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How the slowest sprinter won Thursday’s sprint

There’s no winning without the legs, but Cav proves that a sprinter doesn’t have to hit the highest speed to be first.

Sprinting is about timing as much as speed. On Thursday, the slowest man won the sprint.

Okay, obviously Mark Cavendish (Dimension Data) is not slow. Quite the opposite. But on Thursday he had the lowest top speed of the three riders who ended up on the podium, at least according to data released by the Tour de France. He hit 73.3kph, while second place Marcel Kittel (Etixx – Quick-Step) hit 73.925kph and third place Daniel McLay (Fortuneo – Vital Concept) hit 73.458kph. [73kph is roughly 45mph -Ed.]

So how did Cavendish win? How does that happen? Data from each of the top-three sprinters’ bikes tells the tale.

Mark Cavendish (Dimension Data) had the lowest top speed but was on the top step of the podium. Why? Image: ASO/Dimension Data
Mark Cavendish (Dimension Data) had the lowest top speed but was on the top step of the podium. Why? Image: ASO/Dimension Data

The Tour de France organization and its partner Dimension Data gathered this data, which show each of the top-three riders’ top speeds and where those top speeds fell within the final kilometer. The chart also indicates speed in the form of a heat map. The red parts indicate top speeds. Green is slower, while blue is the slowest color.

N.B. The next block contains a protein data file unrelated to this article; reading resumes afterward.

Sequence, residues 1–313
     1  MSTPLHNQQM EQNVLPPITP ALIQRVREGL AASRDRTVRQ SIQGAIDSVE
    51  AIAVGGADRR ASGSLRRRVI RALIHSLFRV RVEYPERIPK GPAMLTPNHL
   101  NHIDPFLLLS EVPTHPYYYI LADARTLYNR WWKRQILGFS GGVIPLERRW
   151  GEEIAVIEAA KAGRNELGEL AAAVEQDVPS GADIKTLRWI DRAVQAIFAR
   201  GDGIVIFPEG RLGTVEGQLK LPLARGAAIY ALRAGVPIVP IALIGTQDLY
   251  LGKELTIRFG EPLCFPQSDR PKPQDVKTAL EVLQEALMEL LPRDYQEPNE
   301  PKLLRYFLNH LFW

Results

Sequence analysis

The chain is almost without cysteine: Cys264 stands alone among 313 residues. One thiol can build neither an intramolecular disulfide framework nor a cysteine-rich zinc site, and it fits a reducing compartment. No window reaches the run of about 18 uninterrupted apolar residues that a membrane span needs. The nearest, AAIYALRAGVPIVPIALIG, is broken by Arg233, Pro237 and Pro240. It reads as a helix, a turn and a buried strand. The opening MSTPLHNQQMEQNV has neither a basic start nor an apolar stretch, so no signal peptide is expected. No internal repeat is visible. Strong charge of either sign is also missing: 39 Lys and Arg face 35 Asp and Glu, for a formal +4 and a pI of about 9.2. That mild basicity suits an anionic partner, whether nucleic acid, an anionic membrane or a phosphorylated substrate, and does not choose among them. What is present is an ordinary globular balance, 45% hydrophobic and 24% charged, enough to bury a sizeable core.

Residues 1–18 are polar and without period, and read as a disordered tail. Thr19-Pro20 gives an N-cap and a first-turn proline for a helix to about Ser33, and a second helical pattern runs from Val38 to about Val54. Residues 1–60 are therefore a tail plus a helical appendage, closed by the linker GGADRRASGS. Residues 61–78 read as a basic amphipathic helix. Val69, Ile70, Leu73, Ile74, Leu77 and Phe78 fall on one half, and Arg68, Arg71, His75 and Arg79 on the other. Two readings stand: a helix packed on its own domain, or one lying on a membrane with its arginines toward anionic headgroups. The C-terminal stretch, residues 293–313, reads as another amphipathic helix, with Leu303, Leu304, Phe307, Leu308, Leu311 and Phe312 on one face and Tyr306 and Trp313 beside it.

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It’s easy to assume that sprints are decided in the final 200 meters. But the data suggest otherwise. Cavendish’s sprint was all about timing and momentum.

Cav was the only rider not to have a brief slowdown as the peloton wound through a roundabout at just under 750m to go, so he didn’t have to re-accelerate. Then he was able to maintain a steady pace (meaning he was well-protected within the bunch) at least 100 meters later than his two rivals. Kittel and McLay both had to punch it earlier, at 500m to go, but Cavendish made his first acceleration around 400m.

The result is that the Manx Missile didn’t slow in the final meters, as both Kittel and McLay did. And his slightly delayed acceleration was enough to put him out front and keep him there. Cavendish won thanks to his superior positioning, his momentum through that last roundabout, and his patience in opening up his sprint a bit later than the others.

This is backed up by a study by Paolo Menaspa that suggests that positioning correlates better to sprint success than peak power output. Through extensive video analysis of pro sprint finishes, Menaspa and his team was able to determine the ideal position (sixth, plus or minus two spots, in case you were wondering) for a sprinter to be in at 1km (or 60 seconds) from the finish line.

Of course, there’s no winning without the legs. But as Cav proved, a sprinter doesn’t have to hit the highest speed to be the first across the finish line.